Air Force failed to relay info that could have stopped firearm sale to gunman
How a man who was discharged from the US Air Force for assaulting his spouse and child was able to purchase the firearms he used to carry out the deadliest shooting rampage in Texas history is just one of many questions facing investigators as they continue to look for answers on Sunday’s church massacre that left 26 people dead.
On Monday the Air Force acknowledged it did not relay the killer’s court martial conviction for domestic assault to civilian law enforcement that could have prevented him purchasing the firearms used in the shooting.
The gunman in Sunday’s shooting has been identified as 26-year-old Devin Patrick Kelley, according to law enforcement officials. As a member of the US Air Force, Kelley served in logistics readiness at Holloman Air Force Base in New Mexico starting in 2010.
Kelley was court-martialed in 2012 for two counts of Article 128 of the Uniform Code of Military Justice, assault on his spouse and assault on their child, spokeswoman Ann Stefanek said Monday. Kelley received a bad conduct discharge, confinement for 12 months and a reduction in rank, she said.
The Air Force did not provide a date of the discharge, but his military record indicates he left the service in May 2014.
“Initial information indicates that Kelley’s domestic violence offense was not entered into the National Criminal Information Center database by the Holloman Air Force Base Office of Special Investigations,” an Air Force statement issued later Monday said.
The failure to relay the information prevented the entry of his conviction into the federal database that must be checked before someone is able to purchase a firearm. Had his information been in the database, it should have prevented gun sales to Kelley.
The man who opened fire at First Baptist Church in Sutherland Springs had previously faced multiple charges in his 2012 court-martial related to violations of the Uniform Code of Military Justice, including several involving firearms, according to records released by the Air Force.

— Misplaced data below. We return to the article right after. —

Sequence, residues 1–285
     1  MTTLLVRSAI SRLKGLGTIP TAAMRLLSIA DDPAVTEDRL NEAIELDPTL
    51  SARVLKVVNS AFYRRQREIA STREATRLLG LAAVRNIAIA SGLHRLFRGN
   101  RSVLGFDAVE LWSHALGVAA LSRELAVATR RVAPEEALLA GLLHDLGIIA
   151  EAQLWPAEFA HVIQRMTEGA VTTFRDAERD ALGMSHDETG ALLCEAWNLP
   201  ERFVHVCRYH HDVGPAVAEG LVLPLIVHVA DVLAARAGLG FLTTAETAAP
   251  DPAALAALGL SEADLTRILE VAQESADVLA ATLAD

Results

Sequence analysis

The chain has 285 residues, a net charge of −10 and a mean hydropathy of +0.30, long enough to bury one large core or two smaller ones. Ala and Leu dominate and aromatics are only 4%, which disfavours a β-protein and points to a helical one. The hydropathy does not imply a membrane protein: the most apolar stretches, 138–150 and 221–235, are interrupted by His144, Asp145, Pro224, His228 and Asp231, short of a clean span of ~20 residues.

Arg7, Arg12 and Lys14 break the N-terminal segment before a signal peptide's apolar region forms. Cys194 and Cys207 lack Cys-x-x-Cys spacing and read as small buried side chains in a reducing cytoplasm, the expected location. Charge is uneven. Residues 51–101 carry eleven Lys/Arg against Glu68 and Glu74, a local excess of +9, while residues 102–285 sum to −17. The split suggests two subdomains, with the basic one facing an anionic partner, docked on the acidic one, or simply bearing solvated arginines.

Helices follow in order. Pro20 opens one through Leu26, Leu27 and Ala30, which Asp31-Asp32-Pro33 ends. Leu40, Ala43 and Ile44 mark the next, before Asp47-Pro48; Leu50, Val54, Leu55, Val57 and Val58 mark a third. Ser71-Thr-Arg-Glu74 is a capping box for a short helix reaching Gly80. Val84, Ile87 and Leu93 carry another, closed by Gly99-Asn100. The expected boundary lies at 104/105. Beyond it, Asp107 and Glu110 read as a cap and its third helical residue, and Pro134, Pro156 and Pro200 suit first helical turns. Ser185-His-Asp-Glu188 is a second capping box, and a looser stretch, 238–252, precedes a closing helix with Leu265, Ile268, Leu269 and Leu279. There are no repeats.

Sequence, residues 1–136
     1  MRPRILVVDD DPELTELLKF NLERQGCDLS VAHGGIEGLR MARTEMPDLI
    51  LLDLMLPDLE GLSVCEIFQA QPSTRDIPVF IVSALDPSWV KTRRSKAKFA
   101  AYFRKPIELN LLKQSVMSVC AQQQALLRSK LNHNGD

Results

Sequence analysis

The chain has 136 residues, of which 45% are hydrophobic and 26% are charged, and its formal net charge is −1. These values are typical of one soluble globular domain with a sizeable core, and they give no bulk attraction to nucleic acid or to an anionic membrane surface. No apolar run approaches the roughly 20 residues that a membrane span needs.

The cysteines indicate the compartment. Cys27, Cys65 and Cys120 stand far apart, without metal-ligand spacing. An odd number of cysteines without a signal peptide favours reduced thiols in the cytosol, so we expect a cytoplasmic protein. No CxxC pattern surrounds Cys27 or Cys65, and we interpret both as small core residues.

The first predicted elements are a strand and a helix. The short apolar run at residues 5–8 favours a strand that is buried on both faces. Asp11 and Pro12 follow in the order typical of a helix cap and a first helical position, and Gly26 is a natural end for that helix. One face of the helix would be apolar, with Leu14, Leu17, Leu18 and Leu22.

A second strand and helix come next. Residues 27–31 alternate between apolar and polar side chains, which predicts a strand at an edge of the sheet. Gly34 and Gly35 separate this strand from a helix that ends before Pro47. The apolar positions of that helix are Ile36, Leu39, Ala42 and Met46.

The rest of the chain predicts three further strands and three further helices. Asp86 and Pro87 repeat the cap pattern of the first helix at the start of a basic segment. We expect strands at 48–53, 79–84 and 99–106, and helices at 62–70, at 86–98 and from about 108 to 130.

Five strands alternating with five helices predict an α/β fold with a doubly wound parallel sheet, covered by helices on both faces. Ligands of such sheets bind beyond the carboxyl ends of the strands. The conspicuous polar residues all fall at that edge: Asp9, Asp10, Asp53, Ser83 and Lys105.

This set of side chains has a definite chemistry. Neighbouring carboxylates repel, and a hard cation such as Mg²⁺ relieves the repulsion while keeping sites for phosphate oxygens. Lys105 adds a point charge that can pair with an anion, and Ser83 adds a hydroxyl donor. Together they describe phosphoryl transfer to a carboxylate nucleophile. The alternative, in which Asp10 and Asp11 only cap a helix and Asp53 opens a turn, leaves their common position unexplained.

He was originally charged with assault and battery against his wife, aggravated assault against his step-son and four charges involving firearms — including two charges of pointing a loaded firearm at his wife and two charges of pointing an unloaded firearm.
The firearms charges were dropped prior to trial as a result of a plea agreement. Kelley pleaded guilty to aggravated assault against the child and assault against his wife.
Here is what he pleaded guilty to:
- Assault against a child: Kelley assaulted a child under the age of 16 “striking him” on the “head and body” “with a force likely to produce death or grievous bodily harm.”
- Assault against his wife: Kelley struck his wife with his hands, kicking her, choking and pulling her hair.
But despite his history of domestic abuse and questionable behavior involving firearms, Kelley was able to purchase the Ruger AR-556 rifle he allegedly used in the shooting from a store in San Antonio, Texas in April 2016, a law enforcement official said.
There was no disqualifying information in the background check conducted as required for the purchase, a law enforcement official told CNN.
At one point, the shooter tried to get a license to carry a gun in Texas but was denied by the state, Texas Gov. Greg Abbott said, citing the director of Texas’ Department of Public Safety.
“So how was it that he was able to get a gun? By all the facts that we seem to know, he was not supposed to have access to a gun,” Abbott told CNN. “So how did this happen?”
The Air Force Inspector General is currently conducting an investigation into what happened. The Pentagon has also requested that its own inspector general review the handling of Kelley’s records, along with the Air Force, as well as its reporting practices more broadly.